Thursday, 19 May 2016 12:54

Prince Harry favored over Kate Middleton's William, for kingship

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The natives are getting restless.

Make that, the Canadians are getting restless.


Pundits in Toronto, Canada, which still counts as part of Queen Elizabeth II’s Commonwealth, are debating whether Prince Harry would make a better future king-in-waiting than his dour older brother, Prince William.   

William passed from his subjects’ affections a while back when he became enmeshed in the Middletons’ much-chronicled “normal family life.”  But in the long years (almost a decade) leading up to Prince William’s engagement and marriage to Kate Middleton, that “normal family life” leaked an image that was anything but.  

Newspapers chronicled the Middleton family’s slurry webs of Casa de Bang-Bang and a “party” balloons and paper plates business that many suspect is some kind of front to launder more nefarious profits from Carole Middleton’s colorful brother, Uncle Gary Goldsmith, who was filmed chopping up cocaine on his kitchen table and offering to hook up undercover reporters with sexy, beautiful prostitutes anywhere in the world.  Top this off with three lazy, work-shy offspring, freebie costly clothes, accessories, and even luxury cars.  Add in those million dollar Mustique beach villa getaways, two pregnancies that appear to be faked, and Carole drinking wine at a “Royal” event from a plastic bottle inside her purse.  The cherry on top is Kate’s refusal to keep her skirts down, showing everyone her back-and-frontal patootie while on official Crown visits.  

Not even doggie Lupo can redeem them– and that is a big deal in a nation of animal lovers like England.

So now, many of their subjects just call their supposed future king “Willie the Wanker” or “Billy Middleton,” and his wife is merely “Kate Middleton” or “Duchess of Dolittle.”  The alternative moniker for both is “The Lazy Duo.”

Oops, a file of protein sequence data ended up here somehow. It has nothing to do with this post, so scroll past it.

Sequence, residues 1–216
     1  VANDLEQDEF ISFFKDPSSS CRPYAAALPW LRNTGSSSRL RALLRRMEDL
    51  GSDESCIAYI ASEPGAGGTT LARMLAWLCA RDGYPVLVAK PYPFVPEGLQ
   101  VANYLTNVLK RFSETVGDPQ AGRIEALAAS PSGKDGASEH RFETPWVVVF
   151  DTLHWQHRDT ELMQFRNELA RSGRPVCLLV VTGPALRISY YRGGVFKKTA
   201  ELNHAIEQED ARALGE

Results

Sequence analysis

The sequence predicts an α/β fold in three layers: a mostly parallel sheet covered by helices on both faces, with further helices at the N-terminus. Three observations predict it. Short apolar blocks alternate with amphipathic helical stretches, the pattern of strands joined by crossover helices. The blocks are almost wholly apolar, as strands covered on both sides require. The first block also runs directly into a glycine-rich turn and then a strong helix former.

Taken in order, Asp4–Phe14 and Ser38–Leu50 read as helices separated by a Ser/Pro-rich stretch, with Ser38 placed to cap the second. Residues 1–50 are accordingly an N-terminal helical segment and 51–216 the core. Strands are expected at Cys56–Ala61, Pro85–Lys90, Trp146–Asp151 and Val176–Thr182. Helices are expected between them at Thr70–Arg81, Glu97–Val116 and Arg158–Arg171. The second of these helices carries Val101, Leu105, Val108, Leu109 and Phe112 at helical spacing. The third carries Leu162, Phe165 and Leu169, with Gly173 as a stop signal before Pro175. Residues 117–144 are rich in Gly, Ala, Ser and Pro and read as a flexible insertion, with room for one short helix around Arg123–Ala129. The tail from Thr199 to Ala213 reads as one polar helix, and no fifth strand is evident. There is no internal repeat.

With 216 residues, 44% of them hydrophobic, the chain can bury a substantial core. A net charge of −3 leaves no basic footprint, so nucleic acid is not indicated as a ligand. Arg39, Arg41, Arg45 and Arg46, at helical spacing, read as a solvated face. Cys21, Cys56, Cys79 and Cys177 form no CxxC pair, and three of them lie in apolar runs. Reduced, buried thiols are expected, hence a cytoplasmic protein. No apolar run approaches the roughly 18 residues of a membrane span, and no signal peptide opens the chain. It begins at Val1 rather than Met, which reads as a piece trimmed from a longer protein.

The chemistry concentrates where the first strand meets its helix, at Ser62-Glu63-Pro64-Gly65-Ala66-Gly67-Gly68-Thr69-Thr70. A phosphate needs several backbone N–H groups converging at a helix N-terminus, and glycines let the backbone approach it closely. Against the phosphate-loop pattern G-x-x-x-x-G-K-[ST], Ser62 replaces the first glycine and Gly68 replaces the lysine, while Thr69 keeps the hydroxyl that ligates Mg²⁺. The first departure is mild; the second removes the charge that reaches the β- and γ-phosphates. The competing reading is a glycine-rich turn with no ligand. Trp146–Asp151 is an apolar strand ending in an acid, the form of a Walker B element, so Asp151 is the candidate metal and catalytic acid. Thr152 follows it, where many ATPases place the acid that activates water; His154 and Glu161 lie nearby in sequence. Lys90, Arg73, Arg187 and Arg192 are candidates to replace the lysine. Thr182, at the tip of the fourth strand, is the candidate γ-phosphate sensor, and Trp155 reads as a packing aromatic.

Even Canada is taking a closer look at Prince Harry, who seems to have left his more riotous frolicking days behind him, and appears to be far more likeable, far more personable, and work harder than “The Lazy Duo.”

The notion of William leapfrogging over his father, Charles, Prince of Wales, into kingship is not even talked about anymore, except for people to say, “No, we don’t want that!”

Charles and Camilla are clearly being prepared to succeed to the Throne.  Countess Cam looks fab in great big hats and great big tiaras dripping with diamonds.  People would rather than Diana had never died and had stayed in love with Charles (or “whatever ‘in love’ means”), but it cannot ever be, so Countess Cam has been begrudgingly accepted British writer, Christopher Andersen, posits that Queen Elizabeth will abdicate in favor of her eldest son– perhaps any day, now that her 90th birthday celebrations have concluded, and the nation is still intoxicated with a monarchy “high.” 

As if the idea of abdication alone were not enough to sell books, Andersen includes the firecracker that “the Prince of Wales would have to accept what amounts to a self-imposed term limit on his reign...for no more than fifteen years.”  That way, Charles would be “well into his eighties” and William “could then be crowned king at a comparatively youthful fifty.”

But Prince William and Kate Middleton already LOOK as though they are fifty!

And counting!

And people look at their son, Prince George, with his mop of bleached blonde hair, and wonder what the real story is here.  The only photos released of George and his younger sister, Charlotte, are taken by “Duchess Catherine” (a title that the greater British public steadfastly refuse to use for Kate), and these are just one or two, painfully eked out every year.